Tag Archives: education

Neuroscience is not ready for schools

I don’t believe that children’s education should be experimented with. This is a personal concern of mine. I am dyslexic and entered school in a short period when a drastic change in curriculum had banished all phonetics from learning to read/write. That may work for some students but it certainly did not work for me or any other dyslexics or just plain slow readers. Why was I experimented on? Why are children today being experimented on? It seems like the fads in language and mathematics just keep coming year after year. From a distance, I see a four cornered fight between parents, teachers, academics, and civil servants about who knows best and who should be in charge.

In the middle of this tug-of-war, there appears a new ingredient – neuroscience. D. Bishop drew attention to this in a tweet recommending an articles by Stephen Exley, Max Coltheart, Science editorial and the Santiago Declaration.

The teachers in the UK are demanding training in neuroscience. They feel that they need this – It is true that the emerging world of neuroscience presents opportunities as well as challenges for education, and it’s important that we bridge the gulf between educators, psychologists and neuroscientists.” But what do they envisage they will do with this additional knowledge? Apparently one example was to tailor lessons for creative right-brain thinkers. I have to say I cannot think of a better reason not to have this training. What we do not need is people in education following every half-baked popular idea that the press and companies selling their ‘neuro’ wares put out there. The last thing we want is teachers dividing their classes in the right and left brained children. Nor do we want visual learners as opposed to auditor learners, or whatever the next fad is. Even the Common Core mathematics in the US seems very faddish. This is just not fair to the children who will be the subjects of these experiments.

This is a repeat of seven years ago when neuroscientists were asked to explain learning and issued the Santiago Declaration. Nothing has changed – neuroscience is still not a settled body of knowledge on which you could base an education system. The neuroscientists were saying that at present, neuroscience is not the appropriate science to help education; instead it is the developmental and social sciences that will be helpful.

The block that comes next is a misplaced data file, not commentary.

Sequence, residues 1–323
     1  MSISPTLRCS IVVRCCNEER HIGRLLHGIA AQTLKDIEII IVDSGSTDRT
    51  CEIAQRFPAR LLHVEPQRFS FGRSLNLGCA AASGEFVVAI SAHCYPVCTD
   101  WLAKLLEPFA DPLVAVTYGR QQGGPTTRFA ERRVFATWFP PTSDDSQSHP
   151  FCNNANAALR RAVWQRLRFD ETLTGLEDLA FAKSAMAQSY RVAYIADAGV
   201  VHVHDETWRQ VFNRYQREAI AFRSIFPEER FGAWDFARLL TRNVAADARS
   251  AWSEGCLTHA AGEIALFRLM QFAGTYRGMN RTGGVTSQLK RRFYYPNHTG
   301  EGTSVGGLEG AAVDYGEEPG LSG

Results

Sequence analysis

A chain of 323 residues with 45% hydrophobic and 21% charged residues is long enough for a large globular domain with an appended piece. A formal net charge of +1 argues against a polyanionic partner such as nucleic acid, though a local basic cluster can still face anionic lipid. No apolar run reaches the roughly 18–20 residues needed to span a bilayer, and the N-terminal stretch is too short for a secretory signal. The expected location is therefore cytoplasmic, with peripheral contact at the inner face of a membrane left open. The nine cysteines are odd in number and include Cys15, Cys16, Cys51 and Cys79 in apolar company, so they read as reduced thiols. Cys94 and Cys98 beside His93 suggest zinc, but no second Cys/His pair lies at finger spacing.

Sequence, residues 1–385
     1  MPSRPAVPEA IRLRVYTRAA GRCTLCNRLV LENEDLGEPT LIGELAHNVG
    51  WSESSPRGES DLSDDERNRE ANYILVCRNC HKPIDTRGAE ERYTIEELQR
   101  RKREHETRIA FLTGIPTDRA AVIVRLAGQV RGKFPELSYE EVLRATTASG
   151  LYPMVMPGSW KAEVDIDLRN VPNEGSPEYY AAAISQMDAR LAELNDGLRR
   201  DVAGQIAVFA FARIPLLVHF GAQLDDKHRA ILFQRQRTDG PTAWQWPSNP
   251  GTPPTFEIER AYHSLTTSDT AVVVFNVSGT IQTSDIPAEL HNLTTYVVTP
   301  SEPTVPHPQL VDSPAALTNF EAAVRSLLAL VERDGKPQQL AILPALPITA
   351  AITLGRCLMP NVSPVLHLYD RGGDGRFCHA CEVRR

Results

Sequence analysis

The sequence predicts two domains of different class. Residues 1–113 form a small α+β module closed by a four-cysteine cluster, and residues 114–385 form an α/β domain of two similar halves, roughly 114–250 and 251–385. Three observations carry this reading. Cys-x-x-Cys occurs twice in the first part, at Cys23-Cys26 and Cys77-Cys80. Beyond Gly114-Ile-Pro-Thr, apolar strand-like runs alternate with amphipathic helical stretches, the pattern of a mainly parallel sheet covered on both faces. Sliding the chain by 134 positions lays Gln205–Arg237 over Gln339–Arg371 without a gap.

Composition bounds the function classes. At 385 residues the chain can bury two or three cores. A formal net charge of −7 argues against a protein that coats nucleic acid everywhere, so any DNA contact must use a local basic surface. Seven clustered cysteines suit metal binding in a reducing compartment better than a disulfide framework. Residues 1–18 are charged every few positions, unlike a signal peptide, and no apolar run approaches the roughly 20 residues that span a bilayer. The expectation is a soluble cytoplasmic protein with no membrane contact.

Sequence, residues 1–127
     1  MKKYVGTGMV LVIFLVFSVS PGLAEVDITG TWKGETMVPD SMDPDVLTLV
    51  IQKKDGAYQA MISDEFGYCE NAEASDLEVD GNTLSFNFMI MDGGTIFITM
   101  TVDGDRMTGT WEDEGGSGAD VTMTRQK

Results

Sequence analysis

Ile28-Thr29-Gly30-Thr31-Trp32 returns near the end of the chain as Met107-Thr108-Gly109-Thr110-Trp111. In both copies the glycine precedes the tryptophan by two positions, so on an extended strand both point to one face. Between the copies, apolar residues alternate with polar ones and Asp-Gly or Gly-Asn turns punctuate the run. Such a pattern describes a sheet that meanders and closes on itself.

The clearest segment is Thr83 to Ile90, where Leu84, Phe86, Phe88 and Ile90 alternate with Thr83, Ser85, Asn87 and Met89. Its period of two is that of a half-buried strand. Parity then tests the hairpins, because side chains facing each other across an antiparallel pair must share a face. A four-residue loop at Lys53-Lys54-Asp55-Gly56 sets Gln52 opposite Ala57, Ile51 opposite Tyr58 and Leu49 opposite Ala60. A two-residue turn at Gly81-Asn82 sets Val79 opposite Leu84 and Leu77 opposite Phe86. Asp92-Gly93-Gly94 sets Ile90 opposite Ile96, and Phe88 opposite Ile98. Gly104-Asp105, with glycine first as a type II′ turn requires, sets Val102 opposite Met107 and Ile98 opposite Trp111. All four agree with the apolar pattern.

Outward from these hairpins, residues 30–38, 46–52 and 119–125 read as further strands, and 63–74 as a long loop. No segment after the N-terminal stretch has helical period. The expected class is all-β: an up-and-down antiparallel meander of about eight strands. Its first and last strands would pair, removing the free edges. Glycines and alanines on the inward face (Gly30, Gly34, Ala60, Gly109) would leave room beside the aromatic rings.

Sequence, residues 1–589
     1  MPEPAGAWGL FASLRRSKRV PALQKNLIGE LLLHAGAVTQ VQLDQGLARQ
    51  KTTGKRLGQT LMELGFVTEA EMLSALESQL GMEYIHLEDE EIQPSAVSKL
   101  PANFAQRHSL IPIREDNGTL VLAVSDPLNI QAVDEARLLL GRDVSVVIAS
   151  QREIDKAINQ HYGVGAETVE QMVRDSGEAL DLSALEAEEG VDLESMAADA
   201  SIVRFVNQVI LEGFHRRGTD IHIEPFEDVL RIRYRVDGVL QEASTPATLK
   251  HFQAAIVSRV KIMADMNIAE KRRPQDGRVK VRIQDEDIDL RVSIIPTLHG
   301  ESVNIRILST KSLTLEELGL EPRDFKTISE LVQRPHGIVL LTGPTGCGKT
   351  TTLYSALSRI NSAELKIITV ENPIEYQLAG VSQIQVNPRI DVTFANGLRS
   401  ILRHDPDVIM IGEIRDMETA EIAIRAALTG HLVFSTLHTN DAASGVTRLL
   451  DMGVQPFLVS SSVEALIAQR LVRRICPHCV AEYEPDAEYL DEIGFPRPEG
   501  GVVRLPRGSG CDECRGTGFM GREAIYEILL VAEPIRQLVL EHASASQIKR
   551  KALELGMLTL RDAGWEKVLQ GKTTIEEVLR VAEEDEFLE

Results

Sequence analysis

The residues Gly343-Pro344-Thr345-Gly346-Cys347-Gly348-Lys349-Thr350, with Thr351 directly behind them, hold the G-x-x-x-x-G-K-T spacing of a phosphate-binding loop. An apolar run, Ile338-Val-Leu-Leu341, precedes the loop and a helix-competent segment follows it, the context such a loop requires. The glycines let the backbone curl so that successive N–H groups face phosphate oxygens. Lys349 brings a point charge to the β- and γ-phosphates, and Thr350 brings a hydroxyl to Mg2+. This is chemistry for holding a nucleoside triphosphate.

Here is the declaration signed by 136 neuroscientists in 2007. (the underlining is mine)

The education of young children has become an international priority. Science offers irrefutable evidence that high-quality early childhood education better prepares children for the transition to formal education. It helps each child reach his or her potential in reading, mathematics, and social skills. Around the world, there is renewed interest in investing in young children to prepare them for future participation in a global economy. This interest is manifest not only in governmental policies (from Japan to the United States to Chile) but also in popular culture through the media and commercial endeavors marketing educational products to the parents of young children. As internationally recognized scientists in child development, we applaud the attention now directed to the world’s youngest citizens, but we also urge that policies, standards, curricula, and to the extent possible, commercial ventures be based on the best scientific research and be sensitive to evidence-based practice. We also recognize the limitations of our own scientific disciplines. Our research can provide guides in designing the most efficient means to a policy ends, but cannot dictate those ends, which must arise out of political debate and social consensus. Our research can also be abused in attempts to rationalize pre-conceived policies and popular notions about early childhood, putting science to a rhetorical and selective, rather than rational use. For our part, we pledge to actively oppose this practice and to speak out whenever it occurs.